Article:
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June 28, 2018

Opioid-related deaths in Pennsylvania are way higher than the numbers show

Study finds deaths may double figures reported to NCHS

Opioids Addiction
Stock_Carroll - Heroin packed for street sale Thom Carroll/PhillyVoice

Heroin packaged to be sold on the street.

The opioid epidemic may be more grave than previously believed – particularly in Pennsylvania.

Some 70,000 opioid-related overdose deaths likely went unreported across the United States from 1999 to 2015, according to a new study from the University of Pittsburgh Graduate School of Public Health.

Pennsylvania, by far, had the most unreported opioid-related overdose deaths of any state – more than 10,000 over the 17-year period. That figure doubled the reported number of opioid-related overdose deaths, bringing Pennsylvania's total to an estimated 20,521 deaths.

The study, published Wednesday in Public Health Reports, found the deaths were not included in national opioid-related mortality estimates because coroners and medical examiners did not specify the contributing drug on tens of thousands of death certificates.

Standards for reporting overdoses vary considerably across states and counties. Coroners typically note the drugs involved in an overdose – specifically citing opioids like heroin, fentanyl or prescription painkillers, as well as other drugs like cocaine.

But they don't always specify, allowing the scope of the opioid epidemic to go underreported by the National Center for Health Statistics, which uses information reported by coroners and medical examiners to classify deaths.

Pennsylvania was one of five states that did not specify the contributing drug on more than 35 percent of its overdose deaths, according to the study. The others were Alabama, Indiana, Louisiana and Mississippi.

Properly allocating resources in the opioid epidemic requires having an accurate understanding of the problem, lead researcher Jeanine M. Buchanich said.

"Incomplete death certificate reporting hampers the efforts of lawmakers, treatment specialists and public health officials," Buchanich said. "And the large differences we found between states in the completeness of opioid-related overdose mortality reporting makes it more difficult to identify geographic regions most at risk."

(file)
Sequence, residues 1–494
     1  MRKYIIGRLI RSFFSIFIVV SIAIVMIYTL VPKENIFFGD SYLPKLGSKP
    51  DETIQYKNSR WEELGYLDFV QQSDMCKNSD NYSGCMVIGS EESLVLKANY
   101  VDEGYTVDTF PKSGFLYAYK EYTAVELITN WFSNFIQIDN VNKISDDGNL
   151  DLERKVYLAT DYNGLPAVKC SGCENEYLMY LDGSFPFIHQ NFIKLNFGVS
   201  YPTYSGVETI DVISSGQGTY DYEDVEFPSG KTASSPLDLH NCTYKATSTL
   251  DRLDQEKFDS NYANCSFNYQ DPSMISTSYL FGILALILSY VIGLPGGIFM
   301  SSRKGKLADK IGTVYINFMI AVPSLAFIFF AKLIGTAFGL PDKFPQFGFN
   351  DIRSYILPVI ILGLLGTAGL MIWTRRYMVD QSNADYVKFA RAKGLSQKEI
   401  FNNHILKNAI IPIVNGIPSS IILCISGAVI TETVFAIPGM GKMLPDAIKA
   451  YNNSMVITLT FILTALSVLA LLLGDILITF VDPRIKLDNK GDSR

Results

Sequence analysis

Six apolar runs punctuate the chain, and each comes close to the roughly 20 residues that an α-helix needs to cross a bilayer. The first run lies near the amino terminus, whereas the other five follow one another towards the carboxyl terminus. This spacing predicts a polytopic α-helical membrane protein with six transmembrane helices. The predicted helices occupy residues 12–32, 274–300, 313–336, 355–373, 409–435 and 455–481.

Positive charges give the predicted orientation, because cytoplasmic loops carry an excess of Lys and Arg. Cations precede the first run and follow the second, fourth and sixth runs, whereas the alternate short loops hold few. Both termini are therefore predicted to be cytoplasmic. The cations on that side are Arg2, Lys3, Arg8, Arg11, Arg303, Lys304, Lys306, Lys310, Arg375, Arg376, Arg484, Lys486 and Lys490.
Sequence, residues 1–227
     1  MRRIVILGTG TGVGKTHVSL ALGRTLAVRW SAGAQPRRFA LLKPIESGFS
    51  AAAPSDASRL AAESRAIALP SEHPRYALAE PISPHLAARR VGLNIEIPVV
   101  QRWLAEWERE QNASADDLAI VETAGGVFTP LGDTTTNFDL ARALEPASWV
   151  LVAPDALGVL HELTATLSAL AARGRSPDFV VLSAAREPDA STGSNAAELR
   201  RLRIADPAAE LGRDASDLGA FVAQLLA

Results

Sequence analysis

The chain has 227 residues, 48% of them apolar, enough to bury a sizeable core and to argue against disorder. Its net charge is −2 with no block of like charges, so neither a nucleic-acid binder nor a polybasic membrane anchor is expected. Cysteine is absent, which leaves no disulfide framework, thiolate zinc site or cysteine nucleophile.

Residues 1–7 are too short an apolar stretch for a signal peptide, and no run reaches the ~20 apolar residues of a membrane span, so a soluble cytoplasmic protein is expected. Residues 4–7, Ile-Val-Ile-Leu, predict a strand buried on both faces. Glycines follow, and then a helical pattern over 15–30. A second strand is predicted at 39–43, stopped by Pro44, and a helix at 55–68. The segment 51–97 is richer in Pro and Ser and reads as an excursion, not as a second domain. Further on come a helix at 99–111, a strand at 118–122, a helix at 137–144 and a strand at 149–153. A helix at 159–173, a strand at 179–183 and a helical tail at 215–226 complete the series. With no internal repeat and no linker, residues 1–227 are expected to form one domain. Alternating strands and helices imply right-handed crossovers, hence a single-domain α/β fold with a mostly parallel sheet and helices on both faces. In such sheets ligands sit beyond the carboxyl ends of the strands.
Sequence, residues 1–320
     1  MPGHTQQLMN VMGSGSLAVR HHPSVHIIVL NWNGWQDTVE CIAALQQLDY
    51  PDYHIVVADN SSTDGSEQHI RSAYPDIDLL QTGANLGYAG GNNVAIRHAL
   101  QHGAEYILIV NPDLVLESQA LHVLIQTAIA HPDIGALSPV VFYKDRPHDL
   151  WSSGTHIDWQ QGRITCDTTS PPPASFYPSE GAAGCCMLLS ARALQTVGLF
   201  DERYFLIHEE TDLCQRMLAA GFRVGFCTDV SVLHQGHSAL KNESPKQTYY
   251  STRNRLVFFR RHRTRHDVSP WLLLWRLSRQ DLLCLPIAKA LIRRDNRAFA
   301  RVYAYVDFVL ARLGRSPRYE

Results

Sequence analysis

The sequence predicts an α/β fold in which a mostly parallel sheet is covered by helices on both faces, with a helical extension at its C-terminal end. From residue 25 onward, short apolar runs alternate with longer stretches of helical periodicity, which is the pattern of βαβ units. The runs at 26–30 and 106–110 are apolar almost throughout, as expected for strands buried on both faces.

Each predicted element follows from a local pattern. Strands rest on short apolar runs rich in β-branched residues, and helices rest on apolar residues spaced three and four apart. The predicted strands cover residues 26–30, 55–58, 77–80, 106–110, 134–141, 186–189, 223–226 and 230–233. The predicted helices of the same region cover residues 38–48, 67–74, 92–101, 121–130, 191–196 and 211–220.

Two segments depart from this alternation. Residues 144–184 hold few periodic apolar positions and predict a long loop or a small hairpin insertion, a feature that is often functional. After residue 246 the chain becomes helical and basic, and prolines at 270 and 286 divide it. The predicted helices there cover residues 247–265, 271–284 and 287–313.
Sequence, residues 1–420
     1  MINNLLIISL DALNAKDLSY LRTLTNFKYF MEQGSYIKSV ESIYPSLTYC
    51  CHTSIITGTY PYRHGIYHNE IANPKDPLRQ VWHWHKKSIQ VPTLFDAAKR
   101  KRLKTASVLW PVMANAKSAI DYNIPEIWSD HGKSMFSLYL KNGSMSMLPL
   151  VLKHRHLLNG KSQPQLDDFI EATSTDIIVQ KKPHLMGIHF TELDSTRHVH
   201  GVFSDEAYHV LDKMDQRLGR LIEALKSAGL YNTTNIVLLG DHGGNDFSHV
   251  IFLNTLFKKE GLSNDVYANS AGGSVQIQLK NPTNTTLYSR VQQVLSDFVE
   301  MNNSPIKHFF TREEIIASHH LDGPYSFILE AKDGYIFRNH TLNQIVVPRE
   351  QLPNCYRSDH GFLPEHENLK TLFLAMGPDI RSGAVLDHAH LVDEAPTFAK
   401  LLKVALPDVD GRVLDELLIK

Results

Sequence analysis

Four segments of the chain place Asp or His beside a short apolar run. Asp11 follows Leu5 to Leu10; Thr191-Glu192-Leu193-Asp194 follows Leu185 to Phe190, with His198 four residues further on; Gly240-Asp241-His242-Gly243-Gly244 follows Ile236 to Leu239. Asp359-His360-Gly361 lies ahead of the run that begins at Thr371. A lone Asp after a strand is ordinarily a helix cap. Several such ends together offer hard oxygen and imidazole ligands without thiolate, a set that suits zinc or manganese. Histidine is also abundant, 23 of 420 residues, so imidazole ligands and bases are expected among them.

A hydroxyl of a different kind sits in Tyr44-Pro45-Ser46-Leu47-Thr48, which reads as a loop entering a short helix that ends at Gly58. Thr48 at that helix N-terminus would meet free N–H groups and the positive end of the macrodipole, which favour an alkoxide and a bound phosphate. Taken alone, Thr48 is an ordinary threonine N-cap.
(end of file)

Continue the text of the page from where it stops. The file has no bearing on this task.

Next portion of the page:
The study used NCHS data to group all overdose deaths from 1999 to 2015 into three categories – opioid-related deaths, non-opioid-relate deaths and unspecified overdose deaths. Researchers used the proportional changes in each group to determine how many unspecified overdoses likely were related to opioid use.

Those reallocations resulted in a sharp rise in opioid-related deaths in Pennsylvania.

Pennsylvania's 2015 opioid-related death rate increased by 103 percent, rising from 9.9 deaths to 20.12 deaths per 100,000 people.

The increase was less steep in New Jersey, though the opioid-related death rate still rose by 45 percent, from 9.06 deaths to 13.14 deaths per 100,000 people.

The researchers found that states with a decentralized county coroner system, or a hybrid system that included county coroners and state medical examiners, were more likely to have a higher proportion of unspecified overdose deaths.

“Multiple organizations have advocated for more accurate drug reporting on death certificates,” Buchanich said. “But coroners are less likely to be physicians and do not necessarily have medical training useful for completing drug information for death certificates based on toxicology reports. And states with a decentralized or hybrid system are likely to have less standardization, leading to greater variation in reporting accuracy.”

The findings are similar to a study published in February in the journal Addiction. That study found the United States undercounts its opioid-related overdose deaths by 20 to 35 percent.

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